Maids made by Ethiopia’s inflation crisis
The rising cost of living in Ethiopia has citizens searching desperately for solutions as inflation wreaks havoc. Prices are rising so fast that items doubling overnight is becoming commonplace. The lowest denomination notes can no longer purchase much on their own.
The five birr note, able to buy an injera just four years ago, is now virtually useless – unable to purchase anything on its own. The 10 birr note soon risks the same fate.
Coping requires long hours of work, especially in the capital where living costs surpass anywhere else in the country. Supply struggles to meet high demand for everything from food to housing to rent.
Addis Ababa residents feel the squeeze acutely. For many households – from single professionals to families with young children – relying on live-in housekeepers to manage household chores has become essential to manage sky-high rents and soaring food prices.
Households turn to housemaids to shoulder housing responsibilities. Maids help stretch budgets by enabling families, from singles to couples with children, to eat in more often. However, finding the right housekeeper poses a challenge. While households want help with everything, most housekeepers available in the market lack basic domestic skills.
The demand for housekeepers in Addis Ababa is enormous. Out of an estimated one million households in the city, if even 10 percent need help, that amounts to a monthly outlay of 200 million birr – over 2.4 billion birr annually.
Yet residents describe this market as prey to “greedy brokers” – intermediaries who charge high fees while providing little value beyond basic placement.
As with many aspects of urban life, the prospect of reliable household help has become yet another source of frustration for Addis Ababa residents struggling merely to get by during this time of runaway inflation and escalating costs.
Households rely on “greedy brokers” as intermediaries to find housemaids, most of whom are women from rural areas seeking better income.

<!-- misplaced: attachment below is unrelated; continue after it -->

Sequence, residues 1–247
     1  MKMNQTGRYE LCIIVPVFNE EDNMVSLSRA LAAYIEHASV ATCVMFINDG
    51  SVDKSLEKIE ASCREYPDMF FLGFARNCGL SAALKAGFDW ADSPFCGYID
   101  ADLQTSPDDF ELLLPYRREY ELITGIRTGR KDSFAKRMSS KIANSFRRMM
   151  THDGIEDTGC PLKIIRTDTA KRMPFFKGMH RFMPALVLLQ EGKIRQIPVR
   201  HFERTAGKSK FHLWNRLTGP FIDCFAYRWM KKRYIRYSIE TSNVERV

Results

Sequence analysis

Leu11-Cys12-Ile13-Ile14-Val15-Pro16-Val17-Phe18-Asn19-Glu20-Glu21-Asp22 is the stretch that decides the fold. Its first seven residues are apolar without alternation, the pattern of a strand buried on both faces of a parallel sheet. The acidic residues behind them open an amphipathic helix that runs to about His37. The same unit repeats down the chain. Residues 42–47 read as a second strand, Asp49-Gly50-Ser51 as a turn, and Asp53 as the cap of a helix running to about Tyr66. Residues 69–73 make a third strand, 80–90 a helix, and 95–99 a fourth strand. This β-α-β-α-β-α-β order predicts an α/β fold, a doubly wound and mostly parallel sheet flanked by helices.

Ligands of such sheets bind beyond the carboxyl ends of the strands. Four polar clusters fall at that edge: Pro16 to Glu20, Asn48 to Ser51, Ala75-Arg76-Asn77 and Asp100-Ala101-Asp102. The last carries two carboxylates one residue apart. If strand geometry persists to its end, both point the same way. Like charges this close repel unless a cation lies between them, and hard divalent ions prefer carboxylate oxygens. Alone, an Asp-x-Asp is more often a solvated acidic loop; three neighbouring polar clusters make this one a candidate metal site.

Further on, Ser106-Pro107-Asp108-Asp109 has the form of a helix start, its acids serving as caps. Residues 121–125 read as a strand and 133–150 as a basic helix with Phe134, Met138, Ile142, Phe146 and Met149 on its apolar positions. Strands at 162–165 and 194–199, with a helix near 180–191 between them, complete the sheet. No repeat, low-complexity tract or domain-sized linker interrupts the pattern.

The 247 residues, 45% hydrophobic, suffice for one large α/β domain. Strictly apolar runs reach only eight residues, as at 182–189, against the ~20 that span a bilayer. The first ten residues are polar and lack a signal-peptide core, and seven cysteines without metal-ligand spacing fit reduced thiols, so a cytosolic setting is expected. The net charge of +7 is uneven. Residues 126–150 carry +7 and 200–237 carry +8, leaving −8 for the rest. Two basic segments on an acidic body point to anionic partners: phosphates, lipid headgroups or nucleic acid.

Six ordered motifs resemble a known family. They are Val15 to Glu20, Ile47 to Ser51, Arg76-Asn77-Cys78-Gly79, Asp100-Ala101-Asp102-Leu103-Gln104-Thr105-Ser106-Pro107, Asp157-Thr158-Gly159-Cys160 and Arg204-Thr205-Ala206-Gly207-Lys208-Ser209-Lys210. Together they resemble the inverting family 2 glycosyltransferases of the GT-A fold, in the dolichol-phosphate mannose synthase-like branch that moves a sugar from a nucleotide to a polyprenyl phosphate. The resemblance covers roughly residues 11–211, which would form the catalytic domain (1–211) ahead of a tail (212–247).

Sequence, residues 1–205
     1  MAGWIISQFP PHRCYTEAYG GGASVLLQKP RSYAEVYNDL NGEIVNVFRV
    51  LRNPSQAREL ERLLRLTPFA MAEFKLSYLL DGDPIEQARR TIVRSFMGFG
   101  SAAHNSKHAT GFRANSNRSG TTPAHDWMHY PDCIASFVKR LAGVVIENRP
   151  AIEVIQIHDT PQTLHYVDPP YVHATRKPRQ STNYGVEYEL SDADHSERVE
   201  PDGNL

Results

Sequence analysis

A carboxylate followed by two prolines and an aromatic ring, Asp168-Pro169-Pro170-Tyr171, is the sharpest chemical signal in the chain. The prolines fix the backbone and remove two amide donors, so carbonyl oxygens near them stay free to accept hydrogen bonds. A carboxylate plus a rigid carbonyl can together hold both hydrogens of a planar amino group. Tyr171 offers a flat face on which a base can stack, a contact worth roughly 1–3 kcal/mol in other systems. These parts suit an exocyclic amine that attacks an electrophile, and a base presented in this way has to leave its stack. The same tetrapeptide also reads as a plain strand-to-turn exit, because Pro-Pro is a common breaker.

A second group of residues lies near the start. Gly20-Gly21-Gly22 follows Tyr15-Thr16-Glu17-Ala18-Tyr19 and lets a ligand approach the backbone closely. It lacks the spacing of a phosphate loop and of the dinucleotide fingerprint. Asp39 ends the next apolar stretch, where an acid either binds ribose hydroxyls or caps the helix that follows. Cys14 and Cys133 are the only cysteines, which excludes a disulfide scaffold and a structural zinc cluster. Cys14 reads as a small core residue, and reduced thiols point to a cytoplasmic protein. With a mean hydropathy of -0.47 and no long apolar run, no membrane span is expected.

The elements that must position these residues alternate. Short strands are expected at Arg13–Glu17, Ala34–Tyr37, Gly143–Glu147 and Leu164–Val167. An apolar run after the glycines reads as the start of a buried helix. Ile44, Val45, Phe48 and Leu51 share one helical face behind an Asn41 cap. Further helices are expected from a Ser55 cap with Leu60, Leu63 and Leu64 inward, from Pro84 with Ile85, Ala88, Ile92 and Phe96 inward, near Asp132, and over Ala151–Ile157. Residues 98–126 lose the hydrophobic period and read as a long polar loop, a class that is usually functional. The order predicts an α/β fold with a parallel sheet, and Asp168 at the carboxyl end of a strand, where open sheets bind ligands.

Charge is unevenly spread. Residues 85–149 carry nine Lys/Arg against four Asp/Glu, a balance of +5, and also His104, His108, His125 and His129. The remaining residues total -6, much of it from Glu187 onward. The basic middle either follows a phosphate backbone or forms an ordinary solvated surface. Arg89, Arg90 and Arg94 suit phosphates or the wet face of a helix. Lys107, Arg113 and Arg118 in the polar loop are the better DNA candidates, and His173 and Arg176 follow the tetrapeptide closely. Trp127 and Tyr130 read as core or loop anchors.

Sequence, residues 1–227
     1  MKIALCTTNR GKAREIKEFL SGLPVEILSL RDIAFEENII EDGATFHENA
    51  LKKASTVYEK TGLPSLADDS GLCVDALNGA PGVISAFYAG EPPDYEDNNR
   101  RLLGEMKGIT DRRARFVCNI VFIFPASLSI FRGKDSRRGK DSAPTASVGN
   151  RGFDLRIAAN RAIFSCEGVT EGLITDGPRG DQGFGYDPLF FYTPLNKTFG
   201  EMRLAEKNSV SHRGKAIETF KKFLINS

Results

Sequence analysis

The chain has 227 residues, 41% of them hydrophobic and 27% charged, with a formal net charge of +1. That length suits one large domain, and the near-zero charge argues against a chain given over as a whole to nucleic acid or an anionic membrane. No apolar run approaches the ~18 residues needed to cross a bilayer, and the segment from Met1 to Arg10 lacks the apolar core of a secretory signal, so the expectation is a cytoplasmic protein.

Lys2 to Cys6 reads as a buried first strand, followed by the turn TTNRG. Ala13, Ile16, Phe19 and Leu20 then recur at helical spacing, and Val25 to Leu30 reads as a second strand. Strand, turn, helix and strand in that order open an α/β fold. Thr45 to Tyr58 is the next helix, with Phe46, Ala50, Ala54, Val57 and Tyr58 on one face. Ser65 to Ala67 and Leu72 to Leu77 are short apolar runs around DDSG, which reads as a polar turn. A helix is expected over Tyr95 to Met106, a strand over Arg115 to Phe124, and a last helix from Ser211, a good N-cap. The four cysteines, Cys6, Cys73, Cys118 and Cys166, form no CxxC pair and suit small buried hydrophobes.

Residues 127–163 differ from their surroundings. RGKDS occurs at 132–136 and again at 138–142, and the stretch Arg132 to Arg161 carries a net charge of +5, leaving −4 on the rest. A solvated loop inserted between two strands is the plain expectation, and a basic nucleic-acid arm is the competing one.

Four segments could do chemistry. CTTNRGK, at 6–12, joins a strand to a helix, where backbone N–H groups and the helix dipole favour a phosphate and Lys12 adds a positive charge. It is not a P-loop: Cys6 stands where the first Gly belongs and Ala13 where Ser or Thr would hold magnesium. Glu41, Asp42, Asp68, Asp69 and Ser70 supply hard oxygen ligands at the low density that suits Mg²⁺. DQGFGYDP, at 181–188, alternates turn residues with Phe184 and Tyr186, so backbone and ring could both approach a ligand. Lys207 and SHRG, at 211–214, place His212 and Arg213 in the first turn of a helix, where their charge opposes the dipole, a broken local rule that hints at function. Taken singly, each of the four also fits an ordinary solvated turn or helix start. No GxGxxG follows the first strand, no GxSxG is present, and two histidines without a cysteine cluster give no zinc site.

“Bottom feeders” – housemaid brokers – match underpaid, often underaged girls from rural areas with city employers seeking cheap labor. Sadly, the unregulated industry prioritizes profit over protecting these vulnerable women.
As the domestic worker industry is unregulated and lacks government oversight, brokers often disregard age and prioritize profit over ethics.
The informal market exposes both maids and households to numerous risks. Tragically, it is not uncommon for maids to be sexually assaulted by their male employers, with many too afraid to speak out for fear of retribution. Such abuse can force maids into prostitution or even more dangerous work, leaving them with no other options.
The lack of regulation poses problems for households as well.
The unsupervised system also jeopardizes families, with tragic tales of maids harming or kidnapping children becoming distressingly common.
Authorities frequently react only after such incidents occur, rather than taking preventative action.
The lack of regulation in the unorganized domestic worker sector has fueled a rash of sensational stories circulating on social media about maids harming or kidnapping children in their care. These lurid tales have stoked public outrage and sowed fear among families who rely on such laborers.
The realities are often more complex.
Desperate women from impoverished rural areas migrate to cities seeking the meager wages offered by employers who exploit their vulnerability. With no contracts or workplace protections, these maids toil long hours for paltry pay under the constant threat of being let go.
Some do inflict harm, pushed to the brink by abusive or suspicious bosses who scrutinize their every move. Others are falsely accused due to prejudice or misunderstandings in a system that stacks the odds against these poor and powerless women. Yet the melodramatic social media reports rarely delve into the broader systemic failures that breed such tragedies.
The tempest has spurred calls for stricter screening of domestic workers, tighter restrictions and harsher punishments. But real change demands confronting the root causes. Government oversight could mandate contracts, minimum wages, grievance redressal systems and workplace safety norms. Employers must offer fair treatment, empathy and basic humanity. And society as a whole should recognize the better care and security children really depend on starts with creating more opportunity, justice and dignity for all women.